The main camera is sufficient for most snapshots under optimal lighting conditions. The above image took four attempts before we got a good result. Snapshots in artificial light only looked good if we strongly illuminated the object. The Pixel C has no flash, nor an HDR option for more dynamic range. See for yourself in our gallery:
Google Pixel C battery
The Pixel C has a display on-time of about five hours, at full brightness. If the display brightness is reduced to 50 percent, it will last considerably longer. The total duration of the test period was more than four days.
The battery of the Pixel C has a capacity of 34.2 Wh, or 9,000 mAh. An AnTuTu test scores the Pixel C battery at 6,368 points.
The battery can be recharged via its Type-C port within three hours. One negative thing we noticed: the Pixel C has no separate Type-C and Type-A cables included. You’ll therefore need to send data wirelessly to and from the Pixel C. You can’t simply connect it to a PC and transfer data, unless you buy an additional cable.
Google Pixel C technical specifications
The Google Pixel C could be a good substitute for a netbook, but only if you buy it with the optional keyboard and suitable apps in Play Store. Without the keyboard, the Pixel C is still a very well-made and potent Android tablet.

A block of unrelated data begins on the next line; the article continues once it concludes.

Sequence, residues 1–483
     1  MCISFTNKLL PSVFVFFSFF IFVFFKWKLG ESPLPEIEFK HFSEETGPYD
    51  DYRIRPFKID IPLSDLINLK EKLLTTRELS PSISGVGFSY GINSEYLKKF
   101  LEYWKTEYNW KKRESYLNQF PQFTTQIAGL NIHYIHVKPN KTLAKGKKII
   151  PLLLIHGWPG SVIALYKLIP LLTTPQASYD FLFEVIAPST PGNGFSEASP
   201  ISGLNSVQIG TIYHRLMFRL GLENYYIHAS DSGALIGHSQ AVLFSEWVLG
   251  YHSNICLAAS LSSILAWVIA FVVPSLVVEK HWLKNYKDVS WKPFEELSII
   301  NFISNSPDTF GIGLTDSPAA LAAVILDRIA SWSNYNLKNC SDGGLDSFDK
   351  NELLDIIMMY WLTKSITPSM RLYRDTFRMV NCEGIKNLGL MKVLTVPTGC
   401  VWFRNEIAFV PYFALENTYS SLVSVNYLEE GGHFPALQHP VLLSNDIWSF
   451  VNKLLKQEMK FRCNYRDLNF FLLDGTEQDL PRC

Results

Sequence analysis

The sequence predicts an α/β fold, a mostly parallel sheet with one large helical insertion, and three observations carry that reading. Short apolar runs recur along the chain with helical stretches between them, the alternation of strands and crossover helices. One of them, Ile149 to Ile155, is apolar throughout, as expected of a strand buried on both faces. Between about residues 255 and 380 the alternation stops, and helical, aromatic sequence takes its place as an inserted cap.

It’s good for gaming mainly thanks to its graphics performance, but there are other powerful tablets with very good graphics performance available for less money, so you should shop around to see what suits your needs before plumping for the Pixel C.
The Pixel C is a strong competitor to the equally expensive, but also waterproof, Sony Xperia Tablet Z4 and is a very compelling device.
Does anyone know if Google Drive, Gmail, and other known websites will run in its full version on Android Pixel vs a mobile cellular versions on this machine. I so far have stayed with then older Google Chrome operating system because it runs more like a PC. I do not like mobile versions of websites for everyday use. Maybe there is a solution out there. Please someone who knows write me email@example.com.
I got mine recently and love it
I was originally going to buy this tablet but decided get the N9 for $310. They took too long to release the date for it.
if it has fingerprint , it is a ipad pro!!!!!!!!!!!!!!!!! LOL
It's a lot of money for features that aren't important to me in an oddball size, resolution and...yeah. What's the point again?
Great hardware but.... android os while great on a phone still seems lacking on tablets.